The federal Equal Employment Opportunity Commission is seeing more and more retaliation complaints by U.S. employees, with such charges accounting for 47% of all charges in 2017. That’s compared with 37% in 2011.
Employment law attorneys say that the increase is in part due to the fact that the employees who bring retaliation charges have a higher degree of success than those that bring a regular discrimination charge.
There is a lower standard of harm that must be proven for a successful retaliation lawsuit thanks to the U.S. Supreme Court case, Burlington Northern & Santa Fe Railroad vs. White.
While an employee alleging discrimination must prove that they suffered a “materially adverse employment action,” a retaliation plaintiff only needs show that the employer undertook some conduct that may dissuade them from making or supporting a charge.
Also, juries inherently distrust employers and they wouldn’t put it past one to retaliate, according to an article written by Daniel A. Kaplan of the law firm of Foley &Lardner.
Kaplan sets out three steps employers can take to avoid retaliation complaints:
Set clear and unambiguous policies
- Your company policy should clearly state that retaliation is not permitted.
- The policy should describe the parameters of inappropriate conduct as well as you can define them.
- Put the policy in writing.
- Include a reporting and grievance procedure, including the person or persons to whom the employee can report a retaliation complaint.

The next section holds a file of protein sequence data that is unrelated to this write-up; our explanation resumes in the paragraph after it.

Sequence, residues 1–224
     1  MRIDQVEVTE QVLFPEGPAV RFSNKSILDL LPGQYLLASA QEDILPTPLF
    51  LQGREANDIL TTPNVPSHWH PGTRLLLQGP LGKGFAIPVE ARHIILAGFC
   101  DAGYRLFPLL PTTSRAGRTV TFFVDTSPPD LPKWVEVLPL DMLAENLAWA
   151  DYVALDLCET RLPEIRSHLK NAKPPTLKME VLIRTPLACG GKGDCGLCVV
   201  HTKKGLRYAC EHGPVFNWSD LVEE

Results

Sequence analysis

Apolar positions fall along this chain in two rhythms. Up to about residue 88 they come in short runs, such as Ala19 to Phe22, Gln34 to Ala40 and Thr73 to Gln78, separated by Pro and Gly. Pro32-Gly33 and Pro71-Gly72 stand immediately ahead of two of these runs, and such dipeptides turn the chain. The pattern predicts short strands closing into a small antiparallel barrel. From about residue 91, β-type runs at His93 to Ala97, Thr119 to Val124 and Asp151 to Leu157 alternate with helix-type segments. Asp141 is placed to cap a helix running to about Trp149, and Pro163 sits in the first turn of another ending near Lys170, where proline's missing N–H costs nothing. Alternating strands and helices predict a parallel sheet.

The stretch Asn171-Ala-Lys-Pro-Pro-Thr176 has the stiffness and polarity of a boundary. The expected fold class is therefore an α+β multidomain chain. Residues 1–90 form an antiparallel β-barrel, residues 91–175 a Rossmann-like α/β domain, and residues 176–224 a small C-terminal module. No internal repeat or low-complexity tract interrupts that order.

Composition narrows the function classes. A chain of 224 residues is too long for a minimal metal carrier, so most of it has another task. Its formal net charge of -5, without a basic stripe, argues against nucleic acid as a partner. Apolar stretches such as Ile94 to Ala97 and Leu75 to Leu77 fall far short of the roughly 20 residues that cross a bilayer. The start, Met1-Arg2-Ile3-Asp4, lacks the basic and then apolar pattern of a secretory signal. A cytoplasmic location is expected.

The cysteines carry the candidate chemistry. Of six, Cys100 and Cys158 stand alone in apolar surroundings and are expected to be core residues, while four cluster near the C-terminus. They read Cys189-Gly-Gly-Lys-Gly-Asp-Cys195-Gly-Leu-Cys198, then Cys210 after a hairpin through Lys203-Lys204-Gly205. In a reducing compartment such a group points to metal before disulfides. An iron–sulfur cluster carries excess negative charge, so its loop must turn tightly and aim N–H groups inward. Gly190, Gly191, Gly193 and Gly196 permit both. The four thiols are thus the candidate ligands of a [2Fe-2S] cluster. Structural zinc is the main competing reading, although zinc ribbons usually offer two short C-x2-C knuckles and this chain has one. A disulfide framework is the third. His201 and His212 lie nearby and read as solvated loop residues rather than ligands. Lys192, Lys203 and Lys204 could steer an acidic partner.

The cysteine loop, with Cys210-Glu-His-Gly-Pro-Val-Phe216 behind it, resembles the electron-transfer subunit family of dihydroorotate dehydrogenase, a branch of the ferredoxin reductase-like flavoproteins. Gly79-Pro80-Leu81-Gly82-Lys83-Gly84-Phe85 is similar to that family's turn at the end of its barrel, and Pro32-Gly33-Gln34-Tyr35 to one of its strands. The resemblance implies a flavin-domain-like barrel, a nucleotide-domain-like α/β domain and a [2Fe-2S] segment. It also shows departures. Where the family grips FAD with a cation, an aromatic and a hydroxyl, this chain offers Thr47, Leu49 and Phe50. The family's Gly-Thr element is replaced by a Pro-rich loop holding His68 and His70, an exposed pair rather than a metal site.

- Have employees sign an acknowledgment of receipt of your policy.
Investigate complaints promptly
- Remember that anyone who participates in an investigation is likely protected from retaliation (not just the employee who makes the complaint, but witnesses as well).
- Communicate the results of the investigation to the person who submits the grievance.
- Take effective remedial measures, including carefully reviewing all disciplinary measures before imposing them. You should also ensure that disciplinary actions are consistent with past practices.
- Make sure all of your managers are trained and understand the policy.
- Ensure they understand who is protected from retaliation (participants, complainants, and even persons related to the complainant in some cases).
- They should also understand what constitutes retaliatory conduct and, if they are unsure, they should speak to your human resources manager.